The parameter names and values are listed in Table 1. Glutamate is the focal amino acid and supplied in the experimental setup. Hence, its external concentration is represented by a constant term (*G*_{E}). Its concentration within the cells in the periphery of the biofilm is dynamic and is represented by the variable *G*_{p}. It is plausible to assume a positive feedback of *G*_{p} on itself (*k*_{1}*G*_{E}*G*_{p}) because as more glutamate is taken up, more proteins are produced, including membrane proteins, which help take up more glutamate. It then diffuses to the interior cells (with rate *k*_{4}*G*_{p}) and, there, it is represented by *G*_{i}. We distinguish the same metabolite using two different variables based on their location in the biofilm since these regions use glutamate for different purposes. Interior cells produce ammonia using glutamate (rate *k*_{5}*G*_{i}) since that produced by the periphery is lost to the environment and is a waste of nitrogen. Peripheral cells use the ammonia diffusing out from the interior in addition to the glutamate supplied in the microfluidics chamber to produce biomass (*k*_{2}*AG*_{p})^{11}. However, the loss of ammonia due to diffusion to the environment (*k*_{3}*A*) is much greater than its consumption to produce biomass; hence the term *k*_{2}*AG*_{p} is neglected in equation BM2.

This model describes all these processes as irreversible, which is quite unrealistic from a biological point of view. Wilhelm and coworkers^{13} did present a reversible version of their oscillator. However, they considered all reactions to be reversible and assumed that the reverse reactions are considerably (10×) slower than the forward reactions, which may not be applicable for all biological scenarios. In particular, the diffusion constant is usually the same for either direction of diffusion.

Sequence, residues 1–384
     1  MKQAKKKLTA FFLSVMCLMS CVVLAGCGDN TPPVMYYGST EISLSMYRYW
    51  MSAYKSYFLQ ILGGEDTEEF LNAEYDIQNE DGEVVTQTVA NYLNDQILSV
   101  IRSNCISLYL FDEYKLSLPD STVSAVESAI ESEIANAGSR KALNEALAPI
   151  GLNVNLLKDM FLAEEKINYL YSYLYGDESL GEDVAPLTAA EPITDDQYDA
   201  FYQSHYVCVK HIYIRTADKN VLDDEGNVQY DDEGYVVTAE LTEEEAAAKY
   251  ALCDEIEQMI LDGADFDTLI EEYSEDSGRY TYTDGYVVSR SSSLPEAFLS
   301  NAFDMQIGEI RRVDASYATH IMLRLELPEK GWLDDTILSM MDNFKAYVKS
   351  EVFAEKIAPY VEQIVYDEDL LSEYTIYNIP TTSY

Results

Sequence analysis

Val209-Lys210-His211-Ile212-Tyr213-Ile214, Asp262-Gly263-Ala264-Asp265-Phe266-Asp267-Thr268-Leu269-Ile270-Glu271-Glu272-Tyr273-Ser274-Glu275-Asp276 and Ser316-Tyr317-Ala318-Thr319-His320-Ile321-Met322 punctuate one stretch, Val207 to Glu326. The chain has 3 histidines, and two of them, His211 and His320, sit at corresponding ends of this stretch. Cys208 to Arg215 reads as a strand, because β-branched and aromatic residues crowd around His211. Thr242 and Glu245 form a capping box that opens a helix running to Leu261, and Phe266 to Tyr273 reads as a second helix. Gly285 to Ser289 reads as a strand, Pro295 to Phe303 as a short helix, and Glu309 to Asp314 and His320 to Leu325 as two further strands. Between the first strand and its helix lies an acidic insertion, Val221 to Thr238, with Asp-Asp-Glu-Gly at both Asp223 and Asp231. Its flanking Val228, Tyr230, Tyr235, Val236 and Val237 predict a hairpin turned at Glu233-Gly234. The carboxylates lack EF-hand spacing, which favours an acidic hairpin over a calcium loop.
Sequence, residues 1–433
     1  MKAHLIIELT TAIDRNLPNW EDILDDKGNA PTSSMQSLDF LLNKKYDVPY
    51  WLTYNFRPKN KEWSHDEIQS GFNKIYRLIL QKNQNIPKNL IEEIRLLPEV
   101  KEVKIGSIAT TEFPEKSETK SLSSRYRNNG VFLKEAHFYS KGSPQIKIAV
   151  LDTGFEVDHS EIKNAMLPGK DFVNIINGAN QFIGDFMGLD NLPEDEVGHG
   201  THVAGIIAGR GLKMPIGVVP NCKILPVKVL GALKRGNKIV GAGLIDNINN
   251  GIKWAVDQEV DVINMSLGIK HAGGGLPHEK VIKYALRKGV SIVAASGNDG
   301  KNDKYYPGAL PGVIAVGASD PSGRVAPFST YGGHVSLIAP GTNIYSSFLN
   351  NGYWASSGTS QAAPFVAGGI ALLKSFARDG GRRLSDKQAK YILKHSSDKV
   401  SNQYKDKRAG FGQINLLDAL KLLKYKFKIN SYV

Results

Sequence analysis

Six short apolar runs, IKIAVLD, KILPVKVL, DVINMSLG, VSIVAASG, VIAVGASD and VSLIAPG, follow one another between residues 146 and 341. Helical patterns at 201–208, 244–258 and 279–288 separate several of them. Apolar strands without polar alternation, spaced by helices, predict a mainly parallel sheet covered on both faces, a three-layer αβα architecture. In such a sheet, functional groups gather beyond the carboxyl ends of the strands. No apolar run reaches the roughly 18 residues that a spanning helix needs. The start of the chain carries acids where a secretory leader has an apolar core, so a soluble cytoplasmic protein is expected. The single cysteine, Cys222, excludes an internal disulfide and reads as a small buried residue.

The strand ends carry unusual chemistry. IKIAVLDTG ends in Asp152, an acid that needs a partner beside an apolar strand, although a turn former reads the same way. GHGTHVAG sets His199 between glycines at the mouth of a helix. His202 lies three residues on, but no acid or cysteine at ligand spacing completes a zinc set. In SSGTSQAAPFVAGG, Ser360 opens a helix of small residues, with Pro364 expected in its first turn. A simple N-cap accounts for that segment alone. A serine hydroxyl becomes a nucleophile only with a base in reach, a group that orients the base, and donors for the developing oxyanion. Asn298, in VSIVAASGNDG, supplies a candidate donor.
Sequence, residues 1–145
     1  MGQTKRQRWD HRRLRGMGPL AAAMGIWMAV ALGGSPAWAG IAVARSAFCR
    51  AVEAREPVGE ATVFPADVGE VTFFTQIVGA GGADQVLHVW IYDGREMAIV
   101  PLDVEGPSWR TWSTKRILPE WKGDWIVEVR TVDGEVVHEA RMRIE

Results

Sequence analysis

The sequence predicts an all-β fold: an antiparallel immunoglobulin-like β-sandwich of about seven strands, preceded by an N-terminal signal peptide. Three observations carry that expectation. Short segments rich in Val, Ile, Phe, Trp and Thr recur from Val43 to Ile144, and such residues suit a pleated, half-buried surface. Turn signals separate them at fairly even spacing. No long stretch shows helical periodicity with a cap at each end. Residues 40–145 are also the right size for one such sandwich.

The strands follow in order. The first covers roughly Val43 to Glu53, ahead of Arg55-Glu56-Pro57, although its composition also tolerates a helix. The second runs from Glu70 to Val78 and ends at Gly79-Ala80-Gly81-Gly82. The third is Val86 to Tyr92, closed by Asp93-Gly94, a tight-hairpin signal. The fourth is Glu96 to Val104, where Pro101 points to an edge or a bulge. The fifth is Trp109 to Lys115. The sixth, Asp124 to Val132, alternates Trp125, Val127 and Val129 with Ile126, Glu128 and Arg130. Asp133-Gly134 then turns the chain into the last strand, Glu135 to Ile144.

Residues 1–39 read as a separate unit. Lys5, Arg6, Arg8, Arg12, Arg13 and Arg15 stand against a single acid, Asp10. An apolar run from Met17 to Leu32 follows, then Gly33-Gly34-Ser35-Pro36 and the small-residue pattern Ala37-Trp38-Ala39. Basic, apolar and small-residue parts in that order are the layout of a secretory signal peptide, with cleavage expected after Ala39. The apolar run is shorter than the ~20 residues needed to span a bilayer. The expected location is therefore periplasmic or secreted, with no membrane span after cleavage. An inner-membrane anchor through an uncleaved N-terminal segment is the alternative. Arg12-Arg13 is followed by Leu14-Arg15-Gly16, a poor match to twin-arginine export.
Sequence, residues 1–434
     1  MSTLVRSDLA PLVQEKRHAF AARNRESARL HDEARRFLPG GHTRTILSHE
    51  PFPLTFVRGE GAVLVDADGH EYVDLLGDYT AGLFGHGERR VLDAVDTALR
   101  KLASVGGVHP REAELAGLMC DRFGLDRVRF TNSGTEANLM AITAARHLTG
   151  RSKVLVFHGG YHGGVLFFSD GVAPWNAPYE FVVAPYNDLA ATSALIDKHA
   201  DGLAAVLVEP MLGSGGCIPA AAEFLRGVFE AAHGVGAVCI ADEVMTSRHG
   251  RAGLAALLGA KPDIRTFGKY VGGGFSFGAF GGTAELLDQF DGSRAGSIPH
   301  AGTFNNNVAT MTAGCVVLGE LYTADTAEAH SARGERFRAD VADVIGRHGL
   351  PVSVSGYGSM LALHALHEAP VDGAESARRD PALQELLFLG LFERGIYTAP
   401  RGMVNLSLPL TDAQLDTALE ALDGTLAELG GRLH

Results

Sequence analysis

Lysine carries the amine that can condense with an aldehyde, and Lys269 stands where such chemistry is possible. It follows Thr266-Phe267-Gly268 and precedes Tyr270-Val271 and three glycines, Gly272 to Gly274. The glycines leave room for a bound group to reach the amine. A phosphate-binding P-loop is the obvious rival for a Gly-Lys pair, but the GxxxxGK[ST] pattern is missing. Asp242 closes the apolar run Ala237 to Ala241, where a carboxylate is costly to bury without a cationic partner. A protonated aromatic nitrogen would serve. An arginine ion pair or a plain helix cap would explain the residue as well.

In this study, we develop four sequels of the basic model to describe the oscillations in the system much more realistically, without compromising too much on minimalism. We first introduce a gradient of metabolites from the center of the biofilm to the periphery using six ODEs (Model 6ODE). Subsequently, we use realistic Michaelis-Menten kinetics instead of mass-action kinetics in addition to including some reversible reactions (Model RMM). Finally, we check the effect of using Michaelis-Menten kinetics (Model MMK) or reversible reactions (Model R) individually in two distinct versions on the model behavior.

## Results and Discussion

### Towards a continuous diffusion gradient within the biofilm

Having discrete interior and peripheral regions in a biofilm is quite adequate in the minimalist philosophy, but in a realistic scenario, there is no rigid boundary separating the interior from the periphery. Instead, there is a gradient of substances, the concentrations of which vary with the distance from the biofilm center. This is an important feature to test since it has not been considered by the BM^{11}. Bocci *et. al*. have already modeled these gradients using PDEs^{10}.

In our model, we restrict ourselves to ODEs since PDEs are computationally expensive. This can be done by adding several layers (based on ODEs) to the biofilm. As a first step in this regard, we consider one more layer, represented by *G*_{m}, at the interface between *G*_{i} and *G*_{p} (see Fig. 1a,b). Furthermore, the BM only uses one variable (eq. BM2) to describe the dynamics of ammonia with the assumption that diffusion does not play a role in its dynamics because ammonia diffuses fast. We aim to test this assumption by using three separate ODEs for ammonia in the three layers of the model biofilm, namely, *A*_{i}, *A*_{m,} and *A*_{p}. We further subdivide this model into two categories based on the function of the middle layer. Since the layer is added between the interior and periphery, it can either act simply as a transitional layer (referred to as s6ODE model, Fig. 1a) or it could have a more complex function (referred to as c6ODE model, Fig. 1b) as a layer that contributes to biomass formation (like the periphery) and also ammonia production (like the interior).

These two possibilities are modeled and analyzed separately. The results are shown in Fig. 2. For the bifurcation plot of the s6ODE model, see Fig. S1.